Beyond a high IQ: Emotional, social and ecological intelligence (VIDEO)
Daniel Goleman, PhD, is a psychologist and former science journalist at the New York Times and best-selling author of Emotional Intelligence, Social Intelligence, and most recently, Ecological Intelligence.
Goleman supports the concept that conventional intelligence measured by one’s IQ isn’t necessarily a measure of how intelligent or successful we are or will be. Abraham Maslow, back in 1954 considered the whole concept of IQ:
“a highly irritating concept” because it “has nothing to do with wisdom; it is a purely technological concept.”
It appears though that people with a high EI or Emotional Intelligence (people who understand their emotions and those of the people around them), tend to excel in their jobs, relationships and life in general no matter how high or low their IQ’s.
Emotional Intelligence is a relatively new term and was popularized by Goleman in his book, Emotional Intelligence in 1995. The original theory was developed by the psychologists, Howard Gardner (Harvard), Peter Salovey (Yale) and John Mayer (New Hampshire).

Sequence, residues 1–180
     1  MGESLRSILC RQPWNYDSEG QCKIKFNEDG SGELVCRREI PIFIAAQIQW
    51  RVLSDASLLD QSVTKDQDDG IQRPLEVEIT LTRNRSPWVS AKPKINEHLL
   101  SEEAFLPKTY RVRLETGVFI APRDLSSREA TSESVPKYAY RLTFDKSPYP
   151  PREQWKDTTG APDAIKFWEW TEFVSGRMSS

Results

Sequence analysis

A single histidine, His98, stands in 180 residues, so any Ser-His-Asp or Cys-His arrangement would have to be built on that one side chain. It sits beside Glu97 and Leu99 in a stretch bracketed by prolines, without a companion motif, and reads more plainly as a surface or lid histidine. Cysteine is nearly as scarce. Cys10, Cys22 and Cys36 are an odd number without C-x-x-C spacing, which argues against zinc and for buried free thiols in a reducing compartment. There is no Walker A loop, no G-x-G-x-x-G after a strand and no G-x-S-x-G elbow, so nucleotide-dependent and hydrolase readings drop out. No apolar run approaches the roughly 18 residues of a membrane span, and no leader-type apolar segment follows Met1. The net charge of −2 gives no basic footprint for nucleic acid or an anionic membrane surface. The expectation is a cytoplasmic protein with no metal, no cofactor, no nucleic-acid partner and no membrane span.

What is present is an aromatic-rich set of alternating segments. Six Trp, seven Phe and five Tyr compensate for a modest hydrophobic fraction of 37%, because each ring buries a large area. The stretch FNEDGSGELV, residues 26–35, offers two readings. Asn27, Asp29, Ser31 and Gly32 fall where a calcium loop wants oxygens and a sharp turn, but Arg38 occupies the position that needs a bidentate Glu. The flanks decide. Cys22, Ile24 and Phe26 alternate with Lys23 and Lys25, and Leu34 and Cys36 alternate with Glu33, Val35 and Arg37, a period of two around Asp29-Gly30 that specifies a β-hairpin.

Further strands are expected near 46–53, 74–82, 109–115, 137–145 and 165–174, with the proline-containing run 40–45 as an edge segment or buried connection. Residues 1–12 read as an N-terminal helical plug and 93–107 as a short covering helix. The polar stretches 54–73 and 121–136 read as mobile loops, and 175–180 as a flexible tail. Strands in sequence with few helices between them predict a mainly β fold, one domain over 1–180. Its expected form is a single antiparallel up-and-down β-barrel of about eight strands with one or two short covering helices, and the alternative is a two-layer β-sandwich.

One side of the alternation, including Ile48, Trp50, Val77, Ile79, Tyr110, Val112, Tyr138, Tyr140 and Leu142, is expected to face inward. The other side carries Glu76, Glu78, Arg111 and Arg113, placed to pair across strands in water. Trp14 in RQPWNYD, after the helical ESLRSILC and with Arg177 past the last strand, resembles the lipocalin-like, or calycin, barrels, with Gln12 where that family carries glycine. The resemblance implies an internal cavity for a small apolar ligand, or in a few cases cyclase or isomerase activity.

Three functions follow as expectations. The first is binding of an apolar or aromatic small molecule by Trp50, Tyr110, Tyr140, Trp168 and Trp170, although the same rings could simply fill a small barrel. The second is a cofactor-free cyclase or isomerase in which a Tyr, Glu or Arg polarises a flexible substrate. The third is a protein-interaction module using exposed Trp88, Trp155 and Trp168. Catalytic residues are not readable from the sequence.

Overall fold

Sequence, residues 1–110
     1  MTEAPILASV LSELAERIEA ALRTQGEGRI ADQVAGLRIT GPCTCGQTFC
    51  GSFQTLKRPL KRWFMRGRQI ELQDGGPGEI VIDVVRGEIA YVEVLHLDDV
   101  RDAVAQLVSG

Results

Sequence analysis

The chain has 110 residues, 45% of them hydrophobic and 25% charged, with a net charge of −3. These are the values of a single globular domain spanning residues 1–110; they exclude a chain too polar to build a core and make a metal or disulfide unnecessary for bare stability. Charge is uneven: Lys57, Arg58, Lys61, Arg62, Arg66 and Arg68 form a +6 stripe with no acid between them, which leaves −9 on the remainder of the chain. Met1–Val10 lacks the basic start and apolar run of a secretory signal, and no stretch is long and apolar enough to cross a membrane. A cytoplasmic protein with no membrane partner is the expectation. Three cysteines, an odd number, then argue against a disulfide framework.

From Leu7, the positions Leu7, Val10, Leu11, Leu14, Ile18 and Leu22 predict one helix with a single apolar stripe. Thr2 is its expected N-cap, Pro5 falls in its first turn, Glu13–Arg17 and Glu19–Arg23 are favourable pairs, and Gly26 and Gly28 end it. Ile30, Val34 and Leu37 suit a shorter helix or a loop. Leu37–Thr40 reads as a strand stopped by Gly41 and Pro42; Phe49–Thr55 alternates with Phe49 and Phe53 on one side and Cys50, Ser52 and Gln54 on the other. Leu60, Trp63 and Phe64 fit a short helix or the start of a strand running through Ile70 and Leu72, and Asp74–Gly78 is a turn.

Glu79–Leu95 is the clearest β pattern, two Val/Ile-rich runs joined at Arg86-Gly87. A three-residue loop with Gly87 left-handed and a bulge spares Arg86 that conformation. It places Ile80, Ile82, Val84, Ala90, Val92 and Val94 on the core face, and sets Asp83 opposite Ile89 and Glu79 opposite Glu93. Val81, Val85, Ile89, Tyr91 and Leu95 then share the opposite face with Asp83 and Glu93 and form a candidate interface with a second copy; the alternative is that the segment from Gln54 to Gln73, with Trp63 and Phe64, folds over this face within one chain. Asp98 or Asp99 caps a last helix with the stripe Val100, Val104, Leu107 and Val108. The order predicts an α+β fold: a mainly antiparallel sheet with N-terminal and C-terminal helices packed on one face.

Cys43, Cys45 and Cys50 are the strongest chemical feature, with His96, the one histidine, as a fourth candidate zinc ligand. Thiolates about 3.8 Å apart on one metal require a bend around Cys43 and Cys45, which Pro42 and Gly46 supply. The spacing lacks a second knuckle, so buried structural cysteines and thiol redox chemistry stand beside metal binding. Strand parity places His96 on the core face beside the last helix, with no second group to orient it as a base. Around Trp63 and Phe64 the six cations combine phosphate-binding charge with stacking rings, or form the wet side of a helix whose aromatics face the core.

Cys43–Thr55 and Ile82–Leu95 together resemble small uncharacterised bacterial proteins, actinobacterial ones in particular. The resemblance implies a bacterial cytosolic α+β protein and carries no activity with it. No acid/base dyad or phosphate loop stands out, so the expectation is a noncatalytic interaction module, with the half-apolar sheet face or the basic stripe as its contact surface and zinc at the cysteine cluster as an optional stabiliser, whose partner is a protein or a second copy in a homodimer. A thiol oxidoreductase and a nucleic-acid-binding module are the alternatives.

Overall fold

According to Mayer and Salovey:
“Emotional Intelligence allows us to think more creatively and to use our emotions to solve problems. The emotionally intelligent person is skilled in four areas: Identifying emotions, using emotions, understanding emotions and regulating emotions.”
The Marshmallow Test
Goleman mentions an experiment done 30 years ago called The Marshmallow Experiment, a famous test conducted by Walter Mischel at Stanford University. In the test, a group of 4 year old children were called into a room where a kind man gave a marshmallow to each of the children and told them they could eat the marshmallow right now or wait for him to come back from an errand, at which point they would get two marshmallows.
Some of the children ate theirs the moment the man left, others waited, sang to themselves or closed their eyes so as not to be tempted by the marshmallow in order to wait for the prize of a second marshmallow.
Twelve years later, these same children were tracked down and interviewed. The researchers were surprised to find that the children that resisted the marshmallow were more socially competent. “They didn’t panic under stress, become disorganized under pressure, generally embraced the challenges in their lives and didn’t give up in the face of difficulties. They were self-reliant, confident dependable people.”